• “Get A Job”—Silhouettes
  • “Do You Want To Dance”—Bobby Freeman
  • “Hard Headed Woman”—Elvis Presley
  • “I'm A Man”—Bo Diddley
  • “Rave On”—Buddy Holly
  • “Three Steps to Heaven”—Eddie Cochran
  • “In The Still of the Night”—The Five Satins
  • “Honky Tonk”—Bill Doggett
  • “Take Good Care Of My Baby”—Bobby Vee
  • “Speedoo”—Cadillacs
  • “Lipstick On My Collar”—Connie Francis
  • “My Babe”—Little Walter
  • “Just Like Eddie”—Heinz
  • “Poetry in Motion”—Johnny Tillotson
  • “Big Girls Don't Cry”—The Four Seasons
  • “Keep A-'Knockin'”—Little Richard
  • “A Teenager in Love”—Dion & the Belmonts
  • “Oh Boy!”—Buddy Holly & the Crickets
  • “I've Got a Woman”—Ray Charles
  • “It's Only Make Believe”—Conway Twitty
  • “Stagger Lee”—Lloyd Price
  • “Please Don't Touch”—Johnny Kidd & The Pirates
  • “Move It”—Cliff Richard
  • “What In the World's Come Over You”—Jack Scott feat. The Chantones
  • “Kansas City”—Wilbert Harrison
  • “I'm A Moody Guy”—Shane Fenton & The Fentones
  • “On The Beach”—Cliff Richard With The Shadows
  • “Rock And Roll Is Here To Stay”—Danny & The Juniors
  • “Maybe Baby”—Buddy Holly & the Crickets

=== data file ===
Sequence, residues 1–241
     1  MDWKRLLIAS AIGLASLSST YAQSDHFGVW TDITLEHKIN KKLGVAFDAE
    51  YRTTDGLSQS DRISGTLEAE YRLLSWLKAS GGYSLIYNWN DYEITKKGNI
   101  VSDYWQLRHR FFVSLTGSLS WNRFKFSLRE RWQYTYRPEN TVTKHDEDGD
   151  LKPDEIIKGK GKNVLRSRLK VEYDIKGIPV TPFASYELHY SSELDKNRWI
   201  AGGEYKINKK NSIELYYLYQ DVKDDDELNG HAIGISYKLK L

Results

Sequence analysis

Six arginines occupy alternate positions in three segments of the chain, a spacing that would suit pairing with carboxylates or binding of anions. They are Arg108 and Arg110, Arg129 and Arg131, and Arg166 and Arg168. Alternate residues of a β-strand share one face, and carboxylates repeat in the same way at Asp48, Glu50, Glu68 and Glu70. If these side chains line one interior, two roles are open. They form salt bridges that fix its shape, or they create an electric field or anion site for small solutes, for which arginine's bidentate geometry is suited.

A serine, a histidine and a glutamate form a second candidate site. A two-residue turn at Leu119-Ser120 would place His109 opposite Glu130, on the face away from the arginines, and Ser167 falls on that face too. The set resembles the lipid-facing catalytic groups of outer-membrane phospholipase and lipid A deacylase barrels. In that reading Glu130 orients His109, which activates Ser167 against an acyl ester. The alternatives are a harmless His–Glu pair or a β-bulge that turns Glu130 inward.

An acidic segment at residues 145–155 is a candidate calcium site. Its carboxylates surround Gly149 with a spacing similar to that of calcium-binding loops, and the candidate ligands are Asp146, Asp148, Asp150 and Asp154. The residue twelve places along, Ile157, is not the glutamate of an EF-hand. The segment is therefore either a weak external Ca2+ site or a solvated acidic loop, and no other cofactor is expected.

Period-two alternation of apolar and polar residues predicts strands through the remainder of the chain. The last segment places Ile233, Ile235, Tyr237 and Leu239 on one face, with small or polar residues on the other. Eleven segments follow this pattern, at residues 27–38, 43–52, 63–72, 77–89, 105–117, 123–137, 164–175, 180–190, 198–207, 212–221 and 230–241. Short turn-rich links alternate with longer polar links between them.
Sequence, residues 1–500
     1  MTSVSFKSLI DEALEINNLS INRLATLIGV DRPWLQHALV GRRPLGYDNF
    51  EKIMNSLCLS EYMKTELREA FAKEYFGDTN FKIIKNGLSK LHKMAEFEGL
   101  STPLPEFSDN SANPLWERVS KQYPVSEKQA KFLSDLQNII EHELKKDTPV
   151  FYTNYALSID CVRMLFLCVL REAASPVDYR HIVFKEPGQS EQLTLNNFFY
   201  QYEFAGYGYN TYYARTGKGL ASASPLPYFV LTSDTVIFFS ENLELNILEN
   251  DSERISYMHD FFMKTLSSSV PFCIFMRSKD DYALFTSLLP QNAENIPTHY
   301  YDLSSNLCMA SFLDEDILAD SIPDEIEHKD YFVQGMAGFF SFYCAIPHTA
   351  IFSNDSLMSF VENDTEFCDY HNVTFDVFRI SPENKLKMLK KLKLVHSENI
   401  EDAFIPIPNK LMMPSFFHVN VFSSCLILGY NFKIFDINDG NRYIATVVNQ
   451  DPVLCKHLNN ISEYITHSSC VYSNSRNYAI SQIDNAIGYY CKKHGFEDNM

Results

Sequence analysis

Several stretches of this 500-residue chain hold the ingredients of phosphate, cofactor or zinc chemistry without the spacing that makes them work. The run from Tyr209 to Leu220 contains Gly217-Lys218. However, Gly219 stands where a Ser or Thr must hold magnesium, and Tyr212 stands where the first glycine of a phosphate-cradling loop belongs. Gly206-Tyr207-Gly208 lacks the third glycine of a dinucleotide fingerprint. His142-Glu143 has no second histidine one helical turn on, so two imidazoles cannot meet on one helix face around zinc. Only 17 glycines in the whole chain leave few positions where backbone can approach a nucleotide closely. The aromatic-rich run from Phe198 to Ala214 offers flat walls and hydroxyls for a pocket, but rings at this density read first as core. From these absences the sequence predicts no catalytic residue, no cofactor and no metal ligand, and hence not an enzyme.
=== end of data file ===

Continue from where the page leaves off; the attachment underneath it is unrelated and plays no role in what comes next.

• “You're So Fine”—The Falcons
  • “Shake A Hand”—Faye Adams
  • “Rubber Ball”—Bobby Vee
  • “Sherry”—Frankie Valli & The Four Seasons
  • “Teach You To Rock”—Tony Crombie & The Rockets
  • “Runaway”—Del Shannon
  • “Baby Sittin'”—Bobby Angelo & The Tuxedos
  • “Shakin' All Over”—Johnny Kidd & The Pirates
  • “Nut Rocker”—B. Bumble & The Stingers
  • “Have Mercy Baby”—Dominoes
  • “Runaround Sue”—Dion
  • “Book of Love”—Monotones
  • “Gee”—The Crows
  • “The Cruel Sea”—The Dakotas
  • “It Will Stand”—The Showmen
  • “Pretty Little Angel Eyes”—Curtis Lee
  • “Honey Don’t”—Carl Perkins
  • “Love Potion No. 9”—Clovers
  • “Tear It Up”—Johnny Burnette Trio
  • “Saturday Nite At The Duck Pond”—The Cougars
  • “Peter Gunn”—Duane Eddy
  • “Ain't Misbehavin'”—Tommy Bruce & The Bruisers
  • “Handy Man”—Jimmy Jones
  • “See You Later, Alligator”—Bill Haley & His Comets
  • “Ready Teddy”—Little Richard
  • “Blue Moon”—The Marcels
  • “Hats Off To Larry”—Del Shannon
  • “Surfin’ U.S.A.—The Beach Boys
  • “Let There Be Drums”—Sandy Nelson
  • “Tequila”—Champs
  • “You Got What It Takes”—Mary Johnson
  • “Tower Of Strength”—Gene McDaniels
  • “Little Girl of Mine”—Cleftones